The Prix Pictet calls itself "the global award in photography and sustainability". It is only the fourth year running for this international competition which always shows fascinating work of the highest quality. It's a big prize too; awarding a generous $105,000 to the winner,
Every year has a different theme: this year's is power. Given the huge disparity between the haves and have-nots in the world today, it's an interesting choice. As the judges explained "Power embraces contradiction and paradox in equal measure".
The 2012 winner is Luc Delahaye, a French photographer known for his large-scale colour works depicting conflicts, world events or social issues.
Luc Delahaye explains his work: "I try to put myself in situations that I feel have a certain relevance regarding what we call a shared destiny.
He often photographs wars:
The reality I’m interested in is that of people who struggle to act upon it as much as they are subject to it. I sometimes work where power presents itself as a spectacle, as an event produced for or with the media, and my pictures may then take an ironic undertone. But I photograph the ordinary man more often than the leader.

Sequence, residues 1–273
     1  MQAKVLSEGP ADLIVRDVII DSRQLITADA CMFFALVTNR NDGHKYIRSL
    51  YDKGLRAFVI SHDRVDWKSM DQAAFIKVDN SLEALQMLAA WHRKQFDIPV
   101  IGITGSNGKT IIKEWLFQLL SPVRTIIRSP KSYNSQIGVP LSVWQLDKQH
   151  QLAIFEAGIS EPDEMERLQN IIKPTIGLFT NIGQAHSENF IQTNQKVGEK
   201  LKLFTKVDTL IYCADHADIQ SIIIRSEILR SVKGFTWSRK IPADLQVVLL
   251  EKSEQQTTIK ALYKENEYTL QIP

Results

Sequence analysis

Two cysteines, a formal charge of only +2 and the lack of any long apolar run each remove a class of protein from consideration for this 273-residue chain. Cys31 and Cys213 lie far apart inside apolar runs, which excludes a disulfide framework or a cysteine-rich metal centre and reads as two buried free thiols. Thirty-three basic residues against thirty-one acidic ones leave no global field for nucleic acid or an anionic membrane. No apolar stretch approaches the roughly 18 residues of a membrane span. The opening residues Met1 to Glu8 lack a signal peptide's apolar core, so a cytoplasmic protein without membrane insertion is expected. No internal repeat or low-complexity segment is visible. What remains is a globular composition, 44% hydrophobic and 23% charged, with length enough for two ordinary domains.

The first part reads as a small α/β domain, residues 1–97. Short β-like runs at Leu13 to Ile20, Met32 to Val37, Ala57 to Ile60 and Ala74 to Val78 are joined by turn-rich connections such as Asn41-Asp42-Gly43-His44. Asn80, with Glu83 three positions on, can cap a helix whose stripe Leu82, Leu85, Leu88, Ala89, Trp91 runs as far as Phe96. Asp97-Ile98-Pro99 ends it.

He describes his work:
There’s often a certain degree of lyricism in my images. It remains fairly cool and contained, but it colours them and seems to arrive as soon as they represent people, especially when they’re involved in an action with a tragic dimension. It’s a quality that has disappeared from advanced societies, where we are limited to the individual, utilitarian and ultimately absurd gesture. This gives me another reason, probably, to go to those places of hardship. It’s clear that I don’t really photograph the world as it is, but either as it should not be – hardship – or as it should be – man restored to history, an uncertain destiny yet a possibility of fellowship.
There were 12 nominees from all over the world; here are some of the others.
They also award money for a field trip to photograph the work of a charity: this year UK photographer Simon Norfolk will visit Afghanistan to interpret the work of Medair, the Swiss-based humanitarian organisation, in Bamyan Province in Afghanistan. This is an area with terrible flash floods. Medair does emergency and long term relief work with vulnerable communities; teaching them how to survive disasters as well as ways to reduce disasters such as flood prevention infrastructure.